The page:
Manufacturer's Suggested Retail Price (MSRP), also known as "sticker" price, is a recommended selling price that automakers give a new car that is above the invoice price paid by the dealer. It is a price that does not include any options that can be added to a particular car style. When shown as a range, the prices are starting MSRPs, without options, for multiple styles for that model.
This price range reflects for-sale prices on Cars.com for this particular make, model and year.
Best Bets get above-average mpg, class-average or better reliability, class-average or better crash-test ratings, and our recommendation.
These city and highway gas mileage estimates are for the model's standard trim configurations. Where there are optional features, packages or equipment that result in higher gas mileage, those fuel-economy estimates are not included here.
By Jim Mateja
April 14, 1996
Lincoln-Mercury shares the same sport-utility vehicle with Ford division, but each has its own mini-van--Mercury, the Villager, and Ford, the Windstar. The only sharing Mercury has to do is with Nissan, which markets a
version of Villager called Quest. When it comes to sport-utes, Ford and Lincoln-Mercury are equals with Explorer and Mountaineer, but when it comes to mini-vans, L-M is the clear winner. The front-wheel-drive '96 Villager LS we tested offers
smoother car-like ride and handling with almost no road harshness in the cabin. It also can takethe merger ramp without backing off the accelerator. It has a lively, but quiet, V-6 with ample power to climb a hill, and it can run long distances without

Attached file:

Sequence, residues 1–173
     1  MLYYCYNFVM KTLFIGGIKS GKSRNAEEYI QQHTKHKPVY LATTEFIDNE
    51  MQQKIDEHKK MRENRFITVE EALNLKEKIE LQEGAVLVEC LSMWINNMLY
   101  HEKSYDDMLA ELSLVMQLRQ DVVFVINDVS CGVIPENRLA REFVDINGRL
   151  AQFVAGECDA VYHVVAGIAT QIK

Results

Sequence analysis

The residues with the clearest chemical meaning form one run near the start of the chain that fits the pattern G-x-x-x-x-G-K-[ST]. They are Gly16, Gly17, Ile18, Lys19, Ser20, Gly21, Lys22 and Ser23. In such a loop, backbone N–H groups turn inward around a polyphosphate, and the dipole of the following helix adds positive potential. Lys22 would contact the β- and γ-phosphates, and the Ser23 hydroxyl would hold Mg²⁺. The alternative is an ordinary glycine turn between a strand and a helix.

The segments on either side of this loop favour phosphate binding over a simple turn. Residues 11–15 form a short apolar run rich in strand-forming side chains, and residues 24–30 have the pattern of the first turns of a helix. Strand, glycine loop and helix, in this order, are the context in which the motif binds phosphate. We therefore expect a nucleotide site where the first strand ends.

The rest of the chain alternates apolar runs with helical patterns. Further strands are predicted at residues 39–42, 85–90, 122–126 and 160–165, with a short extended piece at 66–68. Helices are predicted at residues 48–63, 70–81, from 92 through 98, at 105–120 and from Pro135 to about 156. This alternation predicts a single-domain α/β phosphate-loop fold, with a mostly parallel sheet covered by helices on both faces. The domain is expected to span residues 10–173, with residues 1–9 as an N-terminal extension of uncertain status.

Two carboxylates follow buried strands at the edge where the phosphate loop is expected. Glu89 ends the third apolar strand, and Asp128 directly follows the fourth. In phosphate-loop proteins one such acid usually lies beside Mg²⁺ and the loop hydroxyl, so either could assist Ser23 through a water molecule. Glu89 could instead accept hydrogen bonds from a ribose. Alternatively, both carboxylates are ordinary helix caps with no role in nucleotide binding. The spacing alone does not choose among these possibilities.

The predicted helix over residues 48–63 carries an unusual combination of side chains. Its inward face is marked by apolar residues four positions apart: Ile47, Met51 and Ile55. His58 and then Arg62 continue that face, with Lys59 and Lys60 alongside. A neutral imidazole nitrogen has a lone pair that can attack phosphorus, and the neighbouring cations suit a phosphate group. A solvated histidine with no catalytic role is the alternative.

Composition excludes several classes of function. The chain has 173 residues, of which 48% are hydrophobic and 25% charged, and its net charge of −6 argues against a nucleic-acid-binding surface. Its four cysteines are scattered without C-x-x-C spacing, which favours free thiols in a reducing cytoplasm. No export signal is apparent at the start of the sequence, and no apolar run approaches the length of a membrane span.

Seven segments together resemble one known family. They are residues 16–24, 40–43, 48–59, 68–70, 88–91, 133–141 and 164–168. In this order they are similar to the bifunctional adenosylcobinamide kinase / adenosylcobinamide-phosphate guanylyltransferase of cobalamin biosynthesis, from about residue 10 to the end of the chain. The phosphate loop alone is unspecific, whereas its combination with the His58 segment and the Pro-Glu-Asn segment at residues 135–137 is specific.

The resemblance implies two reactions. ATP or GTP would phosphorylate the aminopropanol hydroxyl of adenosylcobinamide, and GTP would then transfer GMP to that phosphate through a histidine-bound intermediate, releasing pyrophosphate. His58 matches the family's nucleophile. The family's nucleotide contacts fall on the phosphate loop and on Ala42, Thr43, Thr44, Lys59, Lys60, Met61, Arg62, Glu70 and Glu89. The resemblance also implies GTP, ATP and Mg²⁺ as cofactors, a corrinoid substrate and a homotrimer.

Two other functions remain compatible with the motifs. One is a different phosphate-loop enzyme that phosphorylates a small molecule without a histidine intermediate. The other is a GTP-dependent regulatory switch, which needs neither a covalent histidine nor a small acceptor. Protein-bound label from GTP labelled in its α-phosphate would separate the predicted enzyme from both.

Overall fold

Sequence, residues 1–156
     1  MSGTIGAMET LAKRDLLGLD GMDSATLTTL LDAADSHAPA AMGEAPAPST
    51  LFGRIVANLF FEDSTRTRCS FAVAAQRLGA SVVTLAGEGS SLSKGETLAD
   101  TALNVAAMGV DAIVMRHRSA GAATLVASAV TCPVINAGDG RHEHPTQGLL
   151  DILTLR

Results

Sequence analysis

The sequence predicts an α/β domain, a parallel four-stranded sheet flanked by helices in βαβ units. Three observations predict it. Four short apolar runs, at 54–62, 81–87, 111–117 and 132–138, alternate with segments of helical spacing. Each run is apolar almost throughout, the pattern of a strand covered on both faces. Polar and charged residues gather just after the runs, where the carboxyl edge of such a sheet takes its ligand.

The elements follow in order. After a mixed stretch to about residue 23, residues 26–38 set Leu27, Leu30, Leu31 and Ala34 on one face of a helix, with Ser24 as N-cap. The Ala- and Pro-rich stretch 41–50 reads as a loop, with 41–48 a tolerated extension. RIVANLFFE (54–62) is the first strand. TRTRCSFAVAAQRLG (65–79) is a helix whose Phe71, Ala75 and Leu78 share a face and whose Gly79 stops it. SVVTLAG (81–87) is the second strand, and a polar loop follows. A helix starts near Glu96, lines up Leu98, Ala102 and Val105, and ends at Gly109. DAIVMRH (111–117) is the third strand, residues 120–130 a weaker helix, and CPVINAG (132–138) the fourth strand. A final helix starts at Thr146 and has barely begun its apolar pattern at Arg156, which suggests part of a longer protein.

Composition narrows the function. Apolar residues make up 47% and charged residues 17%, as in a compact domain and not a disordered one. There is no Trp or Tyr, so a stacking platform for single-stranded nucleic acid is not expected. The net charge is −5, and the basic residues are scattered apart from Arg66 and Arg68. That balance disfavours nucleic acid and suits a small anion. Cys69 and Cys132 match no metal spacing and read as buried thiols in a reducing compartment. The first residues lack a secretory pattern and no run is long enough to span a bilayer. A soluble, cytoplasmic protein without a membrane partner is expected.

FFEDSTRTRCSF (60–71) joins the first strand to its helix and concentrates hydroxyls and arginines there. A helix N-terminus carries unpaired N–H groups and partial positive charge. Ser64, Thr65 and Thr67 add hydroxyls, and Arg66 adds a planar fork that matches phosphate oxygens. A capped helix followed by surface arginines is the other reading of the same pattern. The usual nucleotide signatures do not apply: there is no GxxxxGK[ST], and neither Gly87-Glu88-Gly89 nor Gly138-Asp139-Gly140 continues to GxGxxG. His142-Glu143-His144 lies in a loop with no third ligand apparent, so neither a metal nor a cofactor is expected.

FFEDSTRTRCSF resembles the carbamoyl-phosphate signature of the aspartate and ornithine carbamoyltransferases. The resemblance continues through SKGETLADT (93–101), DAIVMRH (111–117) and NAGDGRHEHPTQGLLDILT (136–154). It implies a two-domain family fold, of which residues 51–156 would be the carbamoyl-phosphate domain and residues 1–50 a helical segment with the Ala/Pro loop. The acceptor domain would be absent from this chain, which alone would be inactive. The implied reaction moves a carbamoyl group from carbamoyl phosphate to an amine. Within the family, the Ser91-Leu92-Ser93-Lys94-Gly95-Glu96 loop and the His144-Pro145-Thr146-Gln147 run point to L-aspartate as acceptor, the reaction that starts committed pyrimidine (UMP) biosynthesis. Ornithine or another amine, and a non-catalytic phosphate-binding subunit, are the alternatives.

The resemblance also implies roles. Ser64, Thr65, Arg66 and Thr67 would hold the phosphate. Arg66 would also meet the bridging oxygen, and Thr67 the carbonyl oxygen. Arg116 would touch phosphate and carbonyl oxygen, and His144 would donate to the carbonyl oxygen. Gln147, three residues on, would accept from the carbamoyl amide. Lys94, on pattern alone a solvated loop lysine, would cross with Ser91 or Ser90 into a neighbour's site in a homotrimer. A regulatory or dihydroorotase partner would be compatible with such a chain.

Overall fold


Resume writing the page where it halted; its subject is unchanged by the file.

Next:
gulping fuel (18 m.p.g. city/21 m.p.g. highway from the 3-liter, 151-h.p. V-6). All that plus dual air bags and anti-lock brakes. Villager comes closest ofany van now on the market to matching the mini-vans from sales champ Chrysler Corp.
Villager falls short of Chrysler, however, in that it only comes in regular-length version (112.2-inch wheelbase, 189.9-inch length) and not extended length (Windstar with its 120.7-inch wheelbase/201.2-inch length is Ford's extended-length van). In
addition, it offers but one slide-open door onthe passenger side, not sliders on both passenger and driver side as does Chrysler (or a power slide-open passenger-side door as does General Motors). And while it can hold up to seven passengers, it doesn't
have as much room left over as Chrysler mini-vans. Like Chrysler, Villager has such handy features as a stowage bin under the front passenger's seat, cup/juicebox holders for rear-seat occupants includingone that pops open to reveal a compartment
for toys or snacks. Unlike Chrysler, Villager boasts a third seat in back that slides forward on its track in order to increase cargo capacity without having to remove a heavy seat. It's a great feature, but it needs better execution. You can only
slide it forward by pulling levers at the front of the seat, not from the backof the seat. Why not a lever in back so you need only open the hatch, pull a lever, slide the seat forward, and dispose of your packages? GM will offer a third seat
slider in its newly redesigned front-wheel-drivemini-vans this fall. Hopefully, it will be easier to use. We tested the '96 Villager LS, which starts at $24,300. In addition to the standard equipment mentioned it offers air conditioning, AM/FM
stereo with cassette, power mirrors/windows/door locks, and 15-inch all-season tires. For $3,655 you can add the preferred equipment group with power seats, compact-disc player, heated mirrors, captain's chairs, and a bunch of things labeled deluxe. Add
$555 for freight. Changes for '96 include new front/rear facia and grille and the passenger-side air bag. Keyless entry and an integrated child safety seat are new options.